• The RSCore repository will have Foundation and UIKit sub-sections. (This way NetNewsWire/Mac can still use the Foundation stuff.)

  • A given project will include just what RSCore files it needs. It won’t be presented as a static library, since that makes debugging a pain, and leads to including unnecessary code.

  • However, RSCore will have a unit tests project, so we can verify code changes before committing, so we can avoid breaking all our apps at once.

  • Category methods on Foundation and UIKit will begin with an rs_ prefix, to avoid namespace collisions.

  • New classes in RSCore will be prefixed with RS.

  • We’ll be conservative about what we add. Only things that are for sure used in more than one app will go in there.

The idea is not to make additional work, but to make less work in the future, to make all this manageable, to increase productivity.

Make sense? Not make sense?

Apps that work together — on iPad

On Macs we have a long-standing culture of apps working together. I can think of a few examples from my own Mac app: you can send a podcast to iTunes, send an article to Twitterrific to tweet it, or send an article to MarsEdit to post it to your weblog.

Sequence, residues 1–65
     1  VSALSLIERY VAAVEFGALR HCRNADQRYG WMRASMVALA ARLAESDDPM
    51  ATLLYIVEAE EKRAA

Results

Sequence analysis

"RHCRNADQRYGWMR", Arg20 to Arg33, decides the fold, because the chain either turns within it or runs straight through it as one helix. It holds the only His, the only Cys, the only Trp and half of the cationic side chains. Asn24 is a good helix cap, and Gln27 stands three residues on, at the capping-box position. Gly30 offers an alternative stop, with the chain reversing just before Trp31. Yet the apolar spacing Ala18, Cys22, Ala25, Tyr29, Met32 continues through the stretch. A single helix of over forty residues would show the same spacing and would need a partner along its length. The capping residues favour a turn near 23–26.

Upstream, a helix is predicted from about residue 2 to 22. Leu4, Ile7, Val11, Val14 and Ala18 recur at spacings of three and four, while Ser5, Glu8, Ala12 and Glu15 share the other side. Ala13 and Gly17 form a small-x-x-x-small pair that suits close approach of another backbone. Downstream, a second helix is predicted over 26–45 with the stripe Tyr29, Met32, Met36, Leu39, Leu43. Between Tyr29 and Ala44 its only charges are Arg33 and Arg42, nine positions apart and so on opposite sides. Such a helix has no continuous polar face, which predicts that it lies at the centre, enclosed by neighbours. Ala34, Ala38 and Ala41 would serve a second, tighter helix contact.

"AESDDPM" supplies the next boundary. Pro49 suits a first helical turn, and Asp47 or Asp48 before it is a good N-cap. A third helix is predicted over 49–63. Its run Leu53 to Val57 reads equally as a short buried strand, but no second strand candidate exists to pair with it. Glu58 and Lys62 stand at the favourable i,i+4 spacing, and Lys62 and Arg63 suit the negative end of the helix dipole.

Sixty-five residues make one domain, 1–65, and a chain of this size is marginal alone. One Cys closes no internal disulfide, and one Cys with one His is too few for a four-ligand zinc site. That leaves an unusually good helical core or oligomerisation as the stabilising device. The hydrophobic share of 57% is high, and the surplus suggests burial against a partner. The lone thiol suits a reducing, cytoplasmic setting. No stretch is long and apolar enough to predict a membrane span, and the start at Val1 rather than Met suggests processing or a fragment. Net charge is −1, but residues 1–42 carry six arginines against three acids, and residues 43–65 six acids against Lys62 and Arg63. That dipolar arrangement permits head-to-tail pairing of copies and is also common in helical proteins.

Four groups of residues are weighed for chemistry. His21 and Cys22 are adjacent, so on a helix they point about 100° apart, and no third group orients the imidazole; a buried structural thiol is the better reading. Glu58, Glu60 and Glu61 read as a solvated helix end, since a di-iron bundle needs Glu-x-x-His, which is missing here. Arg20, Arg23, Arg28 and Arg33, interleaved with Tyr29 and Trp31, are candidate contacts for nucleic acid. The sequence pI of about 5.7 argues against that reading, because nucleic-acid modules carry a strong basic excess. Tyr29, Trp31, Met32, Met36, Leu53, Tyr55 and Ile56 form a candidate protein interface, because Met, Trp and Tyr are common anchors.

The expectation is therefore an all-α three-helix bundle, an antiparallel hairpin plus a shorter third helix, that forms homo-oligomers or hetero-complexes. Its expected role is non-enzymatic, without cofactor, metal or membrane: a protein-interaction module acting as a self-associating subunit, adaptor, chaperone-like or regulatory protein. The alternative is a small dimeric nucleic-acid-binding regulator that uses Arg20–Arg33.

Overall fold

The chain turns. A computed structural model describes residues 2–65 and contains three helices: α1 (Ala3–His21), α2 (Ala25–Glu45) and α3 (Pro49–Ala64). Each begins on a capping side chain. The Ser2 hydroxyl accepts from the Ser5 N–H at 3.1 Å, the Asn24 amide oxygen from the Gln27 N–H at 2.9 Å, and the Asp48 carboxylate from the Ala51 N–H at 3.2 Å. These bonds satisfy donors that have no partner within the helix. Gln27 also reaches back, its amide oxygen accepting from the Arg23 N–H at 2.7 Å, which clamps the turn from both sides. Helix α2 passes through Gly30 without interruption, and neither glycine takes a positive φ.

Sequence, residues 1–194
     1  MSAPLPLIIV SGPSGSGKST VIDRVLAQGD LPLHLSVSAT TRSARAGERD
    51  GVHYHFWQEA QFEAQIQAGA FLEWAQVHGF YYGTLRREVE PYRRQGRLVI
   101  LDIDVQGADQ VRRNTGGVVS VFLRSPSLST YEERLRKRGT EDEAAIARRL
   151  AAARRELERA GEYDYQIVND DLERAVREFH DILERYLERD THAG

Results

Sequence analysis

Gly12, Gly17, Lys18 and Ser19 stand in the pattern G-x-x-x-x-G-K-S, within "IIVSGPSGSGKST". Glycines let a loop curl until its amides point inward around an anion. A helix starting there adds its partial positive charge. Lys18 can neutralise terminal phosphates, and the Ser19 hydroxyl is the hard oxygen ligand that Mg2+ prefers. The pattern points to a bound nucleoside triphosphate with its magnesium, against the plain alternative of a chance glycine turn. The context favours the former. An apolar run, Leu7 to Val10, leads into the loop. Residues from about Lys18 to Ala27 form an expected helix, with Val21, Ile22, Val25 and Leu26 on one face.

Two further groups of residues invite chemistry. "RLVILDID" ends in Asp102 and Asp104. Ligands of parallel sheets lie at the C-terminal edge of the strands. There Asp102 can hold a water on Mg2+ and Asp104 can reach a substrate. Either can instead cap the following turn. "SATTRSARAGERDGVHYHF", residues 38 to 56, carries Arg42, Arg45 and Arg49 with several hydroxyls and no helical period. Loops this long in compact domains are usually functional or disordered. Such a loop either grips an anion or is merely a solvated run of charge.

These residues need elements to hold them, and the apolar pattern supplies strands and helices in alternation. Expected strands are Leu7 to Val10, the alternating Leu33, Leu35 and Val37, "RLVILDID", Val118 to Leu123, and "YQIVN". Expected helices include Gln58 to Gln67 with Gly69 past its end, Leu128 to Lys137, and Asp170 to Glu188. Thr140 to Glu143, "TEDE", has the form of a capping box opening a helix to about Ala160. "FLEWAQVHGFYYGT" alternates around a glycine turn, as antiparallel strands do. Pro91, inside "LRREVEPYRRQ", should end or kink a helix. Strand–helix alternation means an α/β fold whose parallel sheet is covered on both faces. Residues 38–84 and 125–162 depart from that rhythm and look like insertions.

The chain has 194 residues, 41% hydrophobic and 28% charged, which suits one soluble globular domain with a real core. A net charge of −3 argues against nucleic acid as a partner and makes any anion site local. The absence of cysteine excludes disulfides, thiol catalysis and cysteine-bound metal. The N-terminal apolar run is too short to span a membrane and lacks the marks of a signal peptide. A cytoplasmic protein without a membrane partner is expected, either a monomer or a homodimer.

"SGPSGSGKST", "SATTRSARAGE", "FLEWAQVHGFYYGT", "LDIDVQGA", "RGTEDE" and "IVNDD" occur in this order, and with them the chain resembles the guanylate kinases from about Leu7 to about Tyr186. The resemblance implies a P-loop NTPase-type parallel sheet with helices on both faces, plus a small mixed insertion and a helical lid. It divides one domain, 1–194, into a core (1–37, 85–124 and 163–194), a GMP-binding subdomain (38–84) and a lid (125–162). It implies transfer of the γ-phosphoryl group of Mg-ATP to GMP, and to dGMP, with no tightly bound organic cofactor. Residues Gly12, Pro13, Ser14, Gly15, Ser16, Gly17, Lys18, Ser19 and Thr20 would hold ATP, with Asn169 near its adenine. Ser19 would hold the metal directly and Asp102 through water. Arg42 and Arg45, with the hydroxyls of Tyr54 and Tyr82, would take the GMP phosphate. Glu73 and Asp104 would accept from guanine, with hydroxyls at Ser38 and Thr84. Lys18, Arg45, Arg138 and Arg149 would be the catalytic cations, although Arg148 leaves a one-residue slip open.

Of course, on a Mac, the calling app doesn’t quit when you do these things. It stays open. You can get right back to it. (In some cases, the calling app stays in front the whole time, like when sending a podcast from NetNewsWire to iTunes.)

On the iPad (and iPhone) we can sort-of do the same thing. We don’t have AppleScript or Apple events, but we do have the URL scheme thing for inter-application communication. It’s technically possible to do some of these same things.

But we don’t have an easy way to get back to the calling app. Imagine a hypothetical case like this:

  1. You’re in Twitterrific, looking at a web page, and there’s a link to a feed. You want to subscribe to that feed.

  2. So you choose a “Subscribe in NetNewsWire” command. It opens NetNewsWire and subscribes to the feed.

  3. Now that you’ve done that, you want to get back to your place in Twitterrific. You want it to be exactly as if it never quit.

We can do #1 and #2. It’s #3 that’s tricky.

So I have an idea. It just came to me, so I don’t know if it’s good or bad — but it’s worth posting, at least.

What if the calling app added, as a parameter to the URL, a URL to call when the task is completed?

This way the helper app (NetNewsWire in this case) would know, once the task is complete, how to get the user back to their place in the calling app (Twitterrific in this case).